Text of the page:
Publisher: Frost & Frost
2-4 players 15 min. ages 6+ MSRP $28.95
Squaremino is a clever and strategic twist on the tile laying classic. The goal remains the same, however: be the first to play all of your tiles to win.
There are 64 square domino tiles in the game. Each one measure s1 1/8” on each side is 3/8” thick. They are made from a nicely weighted material which gives each tile just the right heft. It’s a pleasure just to hold and fiddle with your tiles as you’re setting up and playing.
The 64 tiles are divided into 4 colored suits: red, blue, yellow, and green. Each suit has 16 tiles numbered 1 through 4. So there are four of each number within a suit. Keep in mind, unlike a conventional domino, each tile only has a single number instead of two.
To play, you spread out all the tiles face down and each player draws 12 tiles as a starting hand. The tiles are thick enough to stand on their own, so it’s easy set your hand up in a line.
Like most domino games, you’ll need room for several lines of tiles as the game goes on, so make sure to leave plenty of room in the middle of the table to play. Push the unused dominoes to the side as a draw pile and you’re ready to go!
Each player will take turns playing 2,3 or 4 tiles to create a shared board – lines of tiles extending vertically and horizontally, crossword style.
There are two simple rules for playing tiles.
The set of tiles you play must be consecutive numbers in the same color
The set of tiles you play must be the same number but different colors.
So, a 1-2-3 in blue would be legal. So 4-4-4 provided that each 4 was a different color.
There are a few no-no’s in the game.
You can never play a single tile. And you can never play more than four tiles at once or extend a line of tiles past four.
The tiles played must be in a straight line. And the tiles played cannot create a square of tiles on the board.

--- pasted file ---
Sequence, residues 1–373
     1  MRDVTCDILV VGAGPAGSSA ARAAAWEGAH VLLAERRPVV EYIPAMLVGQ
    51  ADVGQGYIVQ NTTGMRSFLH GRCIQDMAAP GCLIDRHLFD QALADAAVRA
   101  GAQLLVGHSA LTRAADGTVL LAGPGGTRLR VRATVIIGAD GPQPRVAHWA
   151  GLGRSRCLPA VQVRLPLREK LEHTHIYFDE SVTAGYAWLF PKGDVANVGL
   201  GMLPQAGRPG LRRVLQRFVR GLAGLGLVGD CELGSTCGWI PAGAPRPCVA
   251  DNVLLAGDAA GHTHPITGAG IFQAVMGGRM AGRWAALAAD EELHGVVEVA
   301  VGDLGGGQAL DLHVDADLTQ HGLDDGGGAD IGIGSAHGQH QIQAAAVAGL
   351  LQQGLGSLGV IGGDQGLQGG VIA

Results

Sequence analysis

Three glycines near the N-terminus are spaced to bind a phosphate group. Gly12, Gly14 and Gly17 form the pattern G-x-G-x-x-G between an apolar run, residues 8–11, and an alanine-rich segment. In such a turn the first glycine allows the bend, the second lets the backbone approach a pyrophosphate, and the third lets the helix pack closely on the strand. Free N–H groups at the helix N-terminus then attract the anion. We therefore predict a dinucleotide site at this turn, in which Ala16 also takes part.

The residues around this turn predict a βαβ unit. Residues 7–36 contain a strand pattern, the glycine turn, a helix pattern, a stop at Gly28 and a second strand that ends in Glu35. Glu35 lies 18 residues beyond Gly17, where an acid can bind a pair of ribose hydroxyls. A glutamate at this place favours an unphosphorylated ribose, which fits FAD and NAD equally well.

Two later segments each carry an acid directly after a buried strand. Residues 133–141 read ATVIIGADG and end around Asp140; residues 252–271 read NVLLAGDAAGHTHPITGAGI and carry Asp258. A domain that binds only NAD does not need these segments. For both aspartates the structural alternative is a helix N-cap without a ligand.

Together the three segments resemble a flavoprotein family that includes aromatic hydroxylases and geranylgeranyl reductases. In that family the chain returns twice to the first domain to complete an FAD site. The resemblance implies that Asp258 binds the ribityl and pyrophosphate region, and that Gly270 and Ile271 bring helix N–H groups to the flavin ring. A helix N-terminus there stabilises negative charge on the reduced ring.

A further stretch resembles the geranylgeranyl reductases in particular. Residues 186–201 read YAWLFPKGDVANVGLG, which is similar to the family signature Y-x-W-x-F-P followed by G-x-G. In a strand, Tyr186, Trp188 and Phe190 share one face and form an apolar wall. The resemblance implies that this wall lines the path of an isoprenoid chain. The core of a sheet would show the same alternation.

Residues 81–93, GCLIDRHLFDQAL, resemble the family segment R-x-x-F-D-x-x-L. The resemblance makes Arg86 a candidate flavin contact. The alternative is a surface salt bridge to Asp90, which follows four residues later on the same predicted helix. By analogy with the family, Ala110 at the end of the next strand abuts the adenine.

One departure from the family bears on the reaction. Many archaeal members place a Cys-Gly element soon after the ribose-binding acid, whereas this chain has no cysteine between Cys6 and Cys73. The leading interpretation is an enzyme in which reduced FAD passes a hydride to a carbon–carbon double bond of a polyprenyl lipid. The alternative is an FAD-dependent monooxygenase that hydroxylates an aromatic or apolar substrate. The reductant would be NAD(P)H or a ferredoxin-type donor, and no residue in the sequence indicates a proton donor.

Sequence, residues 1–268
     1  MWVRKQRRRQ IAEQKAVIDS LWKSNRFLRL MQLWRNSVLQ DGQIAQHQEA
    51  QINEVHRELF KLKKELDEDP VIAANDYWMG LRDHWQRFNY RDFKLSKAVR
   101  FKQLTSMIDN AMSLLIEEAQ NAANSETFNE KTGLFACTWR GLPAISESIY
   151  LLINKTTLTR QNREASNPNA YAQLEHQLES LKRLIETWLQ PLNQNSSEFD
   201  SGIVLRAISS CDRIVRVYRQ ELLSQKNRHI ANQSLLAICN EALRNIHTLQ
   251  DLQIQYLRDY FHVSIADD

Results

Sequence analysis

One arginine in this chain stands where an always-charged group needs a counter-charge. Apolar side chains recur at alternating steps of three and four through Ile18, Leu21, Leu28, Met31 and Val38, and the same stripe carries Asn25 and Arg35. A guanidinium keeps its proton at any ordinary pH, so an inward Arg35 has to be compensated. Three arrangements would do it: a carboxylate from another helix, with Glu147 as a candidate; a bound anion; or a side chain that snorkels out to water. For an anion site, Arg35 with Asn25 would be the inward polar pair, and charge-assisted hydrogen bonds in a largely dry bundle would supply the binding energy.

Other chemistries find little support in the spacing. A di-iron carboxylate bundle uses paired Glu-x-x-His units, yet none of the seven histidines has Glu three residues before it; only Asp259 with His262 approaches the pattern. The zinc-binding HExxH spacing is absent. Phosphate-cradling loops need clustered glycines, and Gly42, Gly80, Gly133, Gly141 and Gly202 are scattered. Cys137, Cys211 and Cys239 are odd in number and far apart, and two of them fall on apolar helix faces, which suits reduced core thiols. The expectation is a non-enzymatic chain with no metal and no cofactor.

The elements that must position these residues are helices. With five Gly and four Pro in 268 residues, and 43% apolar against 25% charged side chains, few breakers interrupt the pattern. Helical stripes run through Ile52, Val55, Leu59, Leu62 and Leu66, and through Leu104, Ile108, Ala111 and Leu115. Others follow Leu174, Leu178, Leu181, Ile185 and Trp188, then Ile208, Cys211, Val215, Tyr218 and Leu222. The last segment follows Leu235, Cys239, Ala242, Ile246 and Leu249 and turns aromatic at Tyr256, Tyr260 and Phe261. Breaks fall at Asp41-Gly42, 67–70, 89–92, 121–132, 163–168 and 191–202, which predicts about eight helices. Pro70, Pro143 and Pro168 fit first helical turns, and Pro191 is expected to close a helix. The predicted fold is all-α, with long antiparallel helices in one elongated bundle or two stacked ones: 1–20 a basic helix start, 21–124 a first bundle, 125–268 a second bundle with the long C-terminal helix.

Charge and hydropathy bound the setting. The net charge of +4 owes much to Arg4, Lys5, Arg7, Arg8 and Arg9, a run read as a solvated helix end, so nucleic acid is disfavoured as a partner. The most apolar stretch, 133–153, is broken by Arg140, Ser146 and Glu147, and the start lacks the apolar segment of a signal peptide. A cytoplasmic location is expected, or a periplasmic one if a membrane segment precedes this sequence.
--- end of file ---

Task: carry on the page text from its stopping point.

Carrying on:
If you cannot or do not want to play, you draw an extra tile from the face down pile and add it to your hand.
The first player to get rid of all his or her tiles wins the game.
Many times a Major Fun game will be a champion of innovation. It will offer up an experience that is totally new and very different from other games.
In the case of Squaremino, what makes it noteworthy is its decision to not stray too far from the comfort zone of the classic on which it is based.
There are certainly new strategies that are very different from the classic. This is not a game of matching numbers. You’re playing either a sequence or a set to build the board.
And the game does offer a bonus for completing a row of four tiles. Each time you do this you have the option to turn in a tile and draw a replacement. Setting yourself up for these bonuses and also keeping your opponents from them is key.
What makes Squaremino special and noteworthy, though, is that it resists the urge to reinvent the wheel. It would have been very easy to add several additional layers of complexity to the game, bonuses for longer runs or making certain shapes within the layout of the board. But I’m certain this would not make the game better.
Sometimes the key to fun is knowing when to stop. Knowing what not to ad,. Perhaps it’s like negative space in painting. The things that are not there help give art shape as much as the things that are.
The structure of the game is one any domino player will recognize. And though it borrows some of its inspiration from games like Qwirkle (another Major Fun winner), Squaremino feels familia and comfortable. Like a favorite sweater or perfectly broken in old pair of shoes.
Its so familiar, in fact, many may even think they have played before because it stays true to the soul of the classic. It celebrates its heritage but finds a way to stand on its own.
That’s a fine line and a fun line for any Major Fun game to walk.
Whether you’re learning for the first time or the pips on your set of double twelves have worn off, Squaremino is a game almost anyone will find hours of fun playing.